Apologies for the lack of recent posts. A new job means that I have a little less time for food history. One quick post then in the way of illustrating how recreating even simple historic recipes isn't plain sailing.
One recipe group that I have been interested in for a while are the frumenty (various spellings based on the Latin frumentum meaing grain). They are of interest to me as the dish has been made in England since at least the Medival period, until the mid-20th century. The dish itself has remained did not change all that much during this time span, but the social context did. Basically, the recipe is wheat pounded and seperated from its hulls, then boiled in cow or almond milk until it forms a gel, this mixture was then sweetened, spiced or coloured as appropriate to the the period. During the Medieval period it most often served without sugar with boiled venison as a type of pottage or in non-meat days with porpoise or beaver tail. Despite being mammals the entire of the former and the tail of the latter were counted as "fish". Having eaten beaver tail I can tell you that it tastes completely unlike fish, which why it was popular on fish dominant days I imagine.
By the modern period frumenty had become associated with Christmas eve, as the following 19th century description indicates:
Christmas-eve is celebrated in almost every family by
a supper of frumenty, made of steeped wheat boiled
with milk, apple-pie, cheese, and yule-cake. It is
accounted very unlucky to cut into the cheese before
supper. At the commencement of supper a large fire
is made, on which is placed the yule-log, and atall mould-
candle, called the yule-candle, which is not to be snuffed,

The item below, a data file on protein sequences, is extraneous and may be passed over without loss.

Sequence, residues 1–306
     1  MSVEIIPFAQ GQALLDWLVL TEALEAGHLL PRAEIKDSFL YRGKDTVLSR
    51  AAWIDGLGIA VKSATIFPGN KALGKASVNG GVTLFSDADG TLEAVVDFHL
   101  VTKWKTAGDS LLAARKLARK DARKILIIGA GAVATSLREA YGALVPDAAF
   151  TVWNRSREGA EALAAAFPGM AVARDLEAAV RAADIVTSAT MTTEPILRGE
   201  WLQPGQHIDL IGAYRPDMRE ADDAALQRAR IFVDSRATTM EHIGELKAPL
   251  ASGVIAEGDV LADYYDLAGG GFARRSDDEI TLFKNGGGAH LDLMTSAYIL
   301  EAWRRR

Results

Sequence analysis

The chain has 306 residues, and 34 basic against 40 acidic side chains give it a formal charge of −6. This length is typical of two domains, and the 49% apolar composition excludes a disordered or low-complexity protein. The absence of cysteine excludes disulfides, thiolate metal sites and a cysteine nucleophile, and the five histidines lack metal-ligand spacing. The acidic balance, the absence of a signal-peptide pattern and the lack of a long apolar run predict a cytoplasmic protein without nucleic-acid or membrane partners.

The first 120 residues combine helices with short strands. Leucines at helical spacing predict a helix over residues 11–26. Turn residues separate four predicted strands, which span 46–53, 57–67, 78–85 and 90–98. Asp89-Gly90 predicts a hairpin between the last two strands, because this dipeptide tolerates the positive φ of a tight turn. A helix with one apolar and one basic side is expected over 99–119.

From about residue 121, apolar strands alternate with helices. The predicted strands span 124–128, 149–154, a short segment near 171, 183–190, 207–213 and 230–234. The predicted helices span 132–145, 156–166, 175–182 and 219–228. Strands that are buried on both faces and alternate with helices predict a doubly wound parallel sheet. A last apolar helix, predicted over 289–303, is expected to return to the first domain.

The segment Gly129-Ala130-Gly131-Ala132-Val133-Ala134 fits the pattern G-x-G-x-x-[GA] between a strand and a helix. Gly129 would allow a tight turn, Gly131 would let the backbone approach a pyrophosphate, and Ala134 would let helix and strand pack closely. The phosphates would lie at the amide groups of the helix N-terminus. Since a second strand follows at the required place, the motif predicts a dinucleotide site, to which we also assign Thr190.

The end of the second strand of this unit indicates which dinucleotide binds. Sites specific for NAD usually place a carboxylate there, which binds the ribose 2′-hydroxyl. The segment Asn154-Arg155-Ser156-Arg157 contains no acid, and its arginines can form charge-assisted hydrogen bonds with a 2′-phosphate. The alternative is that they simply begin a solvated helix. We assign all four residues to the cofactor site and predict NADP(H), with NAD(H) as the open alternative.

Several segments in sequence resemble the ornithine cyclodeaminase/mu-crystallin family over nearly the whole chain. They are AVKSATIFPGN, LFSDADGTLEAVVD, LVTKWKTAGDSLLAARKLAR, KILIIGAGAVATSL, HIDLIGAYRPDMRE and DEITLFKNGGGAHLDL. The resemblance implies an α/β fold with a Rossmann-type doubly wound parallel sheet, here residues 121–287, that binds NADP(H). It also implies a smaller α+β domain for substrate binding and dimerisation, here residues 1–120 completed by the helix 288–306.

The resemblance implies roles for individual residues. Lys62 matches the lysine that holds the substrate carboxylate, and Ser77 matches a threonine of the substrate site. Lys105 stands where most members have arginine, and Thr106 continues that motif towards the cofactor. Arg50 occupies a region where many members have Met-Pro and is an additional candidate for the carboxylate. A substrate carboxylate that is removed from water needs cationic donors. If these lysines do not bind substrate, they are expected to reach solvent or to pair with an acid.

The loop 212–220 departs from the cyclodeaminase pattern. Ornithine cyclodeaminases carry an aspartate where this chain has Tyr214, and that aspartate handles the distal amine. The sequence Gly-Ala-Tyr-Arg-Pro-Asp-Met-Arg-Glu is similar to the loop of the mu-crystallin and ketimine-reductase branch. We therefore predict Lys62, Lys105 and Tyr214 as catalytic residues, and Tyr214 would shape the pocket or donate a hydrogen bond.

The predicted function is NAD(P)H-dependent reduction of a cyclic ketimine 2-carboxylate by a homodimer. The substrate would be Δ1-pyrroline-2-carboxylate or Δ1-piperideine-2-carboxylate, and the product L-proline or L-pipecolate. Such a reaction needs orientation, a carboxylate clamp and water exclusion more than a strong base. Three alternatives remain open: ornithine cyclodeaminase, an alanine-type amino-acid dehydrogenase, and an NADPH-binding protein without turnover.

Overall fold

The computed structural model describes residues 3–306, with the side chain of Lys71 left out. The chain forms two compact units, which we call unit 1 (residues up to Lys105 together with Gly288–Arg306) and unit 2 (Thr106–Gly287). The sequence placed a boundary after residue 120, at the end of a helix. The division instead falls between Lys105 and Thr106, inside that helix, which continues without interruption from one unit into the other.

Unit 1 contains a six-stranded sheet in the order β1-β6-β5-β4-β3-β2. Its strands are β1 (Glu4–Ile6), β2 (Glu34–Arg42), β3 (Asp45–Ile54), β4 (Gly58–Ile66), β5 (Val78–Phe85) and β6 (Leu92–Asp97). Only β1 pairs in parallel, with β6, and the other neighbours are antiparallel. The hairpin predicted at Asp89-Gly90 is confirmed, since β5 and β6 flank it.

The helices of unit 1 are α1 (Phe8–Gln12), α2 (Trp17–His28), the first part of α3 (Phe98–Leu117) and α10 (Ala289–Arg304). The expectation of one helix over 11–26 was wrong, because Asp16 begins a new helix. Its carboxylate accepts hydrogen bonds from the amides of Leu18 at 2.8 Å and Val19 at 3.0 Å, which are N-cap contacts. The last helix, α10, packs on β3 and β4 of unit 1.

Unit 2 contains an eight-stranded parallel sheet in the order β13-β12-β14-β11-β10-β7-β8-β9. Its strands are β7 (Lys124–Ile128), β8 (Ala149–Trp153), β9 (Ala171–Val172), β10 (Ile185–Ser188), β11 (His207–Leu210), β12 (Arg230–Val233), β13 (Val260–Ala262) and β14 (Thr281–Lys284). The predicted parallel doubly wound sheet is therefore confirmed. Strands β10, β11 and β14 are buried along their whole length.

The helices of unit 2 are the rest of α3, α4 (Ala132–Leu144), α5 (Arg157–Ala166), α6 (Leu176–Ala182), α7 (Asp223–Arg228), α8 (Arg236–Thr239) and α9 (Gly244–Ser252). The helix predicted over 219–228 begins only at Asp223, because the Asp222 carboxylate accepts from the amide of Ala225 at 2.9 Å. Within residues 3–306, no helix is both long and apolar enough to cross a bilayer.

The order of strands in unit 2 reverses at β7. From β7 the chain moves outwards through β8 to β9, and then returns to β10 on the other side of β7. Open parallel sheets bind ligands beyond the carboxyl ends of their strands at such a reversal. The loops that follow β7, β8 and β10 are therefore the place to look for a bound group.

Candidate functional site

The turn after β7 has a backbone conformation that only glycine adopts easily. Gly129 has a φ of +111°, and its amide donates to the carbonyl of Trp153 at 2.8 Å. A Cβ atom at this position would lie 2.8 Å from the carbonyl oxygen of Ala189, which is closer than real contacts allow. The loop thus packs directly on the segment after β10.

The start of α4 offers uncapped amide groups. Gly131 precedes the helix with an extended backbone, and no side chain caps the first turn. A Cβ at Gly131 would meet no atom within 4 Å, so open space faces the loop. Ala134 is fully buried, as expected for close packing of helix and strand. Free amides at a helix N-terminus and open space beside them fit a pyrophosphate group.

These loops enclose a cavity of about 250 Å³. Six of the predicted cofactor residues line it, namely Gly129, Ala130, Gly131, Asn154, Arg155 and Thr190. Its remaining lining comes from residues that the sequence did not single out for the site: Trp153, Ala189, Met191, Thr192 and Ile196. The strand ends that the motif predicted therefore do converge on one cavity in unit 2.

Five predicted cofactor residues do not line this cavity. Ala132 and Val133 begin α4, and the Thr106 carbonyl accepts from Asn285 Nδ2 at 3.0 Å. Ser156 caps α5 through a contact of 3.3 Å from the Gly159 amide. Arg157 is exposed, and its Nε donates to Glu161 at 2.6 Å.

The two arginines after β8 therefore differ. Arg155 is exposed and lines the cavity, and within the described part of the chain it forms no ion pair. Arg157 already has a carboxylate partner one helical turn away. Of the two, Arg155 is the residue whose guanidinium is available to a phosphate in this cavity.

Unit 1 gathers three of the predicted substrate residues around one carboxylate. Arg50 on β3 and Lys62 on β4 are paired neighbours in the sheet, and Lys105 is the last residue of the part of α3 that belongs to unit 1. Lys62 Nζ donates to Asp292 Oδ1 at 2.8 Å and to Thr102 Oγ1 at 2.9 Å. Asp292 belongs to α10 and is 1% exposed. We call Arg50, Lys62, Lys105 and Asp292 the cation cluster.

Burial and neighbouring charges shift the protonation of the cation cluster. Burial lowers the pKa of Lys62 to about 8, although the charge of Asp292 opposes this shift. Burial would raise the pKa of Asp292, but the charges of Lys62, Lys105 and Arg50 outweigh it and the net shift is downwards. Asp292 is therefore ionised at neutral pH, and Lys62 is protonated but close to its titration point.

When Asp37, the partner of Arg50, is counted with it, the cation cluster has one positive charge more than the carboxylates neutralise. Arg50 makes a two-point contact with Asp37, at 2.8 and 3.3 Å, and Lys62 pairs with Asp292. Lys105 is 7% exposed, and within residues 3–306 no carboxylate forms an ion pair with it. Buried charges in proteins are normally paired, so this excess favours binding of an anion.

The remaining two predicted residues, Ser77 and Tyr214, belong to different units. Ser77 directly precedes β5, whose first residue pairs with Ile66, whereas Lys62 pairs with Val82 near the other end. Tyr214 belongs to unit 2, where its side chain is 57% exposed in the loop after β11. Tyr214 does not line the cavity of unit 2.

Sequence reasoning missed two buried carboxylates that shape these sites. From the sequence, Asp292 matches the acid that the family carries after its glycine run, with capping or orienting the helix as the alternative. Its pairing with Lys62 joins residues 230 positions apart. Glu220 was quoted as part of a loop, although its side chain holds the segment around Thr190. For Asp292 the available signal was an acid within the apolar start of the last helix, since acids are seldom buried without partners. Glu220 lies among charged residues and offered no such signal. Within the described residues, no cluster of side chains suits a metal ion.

is lighted and placed on the table; a piece of the log
is preserved until the following Christmas by each
prudent housewife, to secure the house from fire during
The popularity if frumenty in 19th rural England is rather interesting as for the most part wheat was a recent addition to the diet, especially in the North. It is possible that this was viewed as a high status dish and was eaten only on festivals where rarities like wheat were more freely available. So popular was frumenty at this period that it was possible to buy the wheat pre-boiled and set into a jelly from vendors. This jelly was called "Creed Wheat" ( to cree grain is to soften it by soaking or boiling) and it is the creed wheat I had a problem with . Buying whole wheat is not a great problem and instructions for preparing the grain where essentially the same since the Medieval period: Beat grain to loosen the hull, then gently boil. Remove the hulls and you will get a wheat gel that will set solid like well made oat porridge. Try as a might I could not get this process to work with the wheat I used. Back to the drawing board. I managed to find another source of wheat, this time with partial removal of the hull ("pearled wheat"). Problem solved, gel formed in roughly 40 minutes of gently boiling. Clearly the important part of all the recipes I looked at was the removal of the hull, however I failed to note this initially. This illustrates part of the difficulty with historical recipes; if I can get this simple process wrong, what hope would I have with a more complicated dish? And in addition, in this instance I had a very good idea what the dish should be like at several stages, often this is not the case with historical recipes.
Above: Wheat in earthenware pot being gently simmered for 8 hours. When this failed to produce a wheat gel, I removed the wheat to a modern saucepan and boiled it hard for about 2 hours - still no gel.
Above: Top right, whole wheat before boiling, and Top left, after ten hours of treatment. Bottom left, wheat with partial removal of hull, and bottom right, after 20 minutes of gently boiling.
Above: Christmas eve frumenty. The creed wheat was mixed with milk, egg yolk, spice and sugar and gently heated to give an indulgent but comforting porridge type dish. I can see why it was popular.
If you are interested in making this dish you could look for pearl wheat (very hard to find) or substitute pearl barley. Least you think this inauthentic, here is a recipe from the end of the 17th century.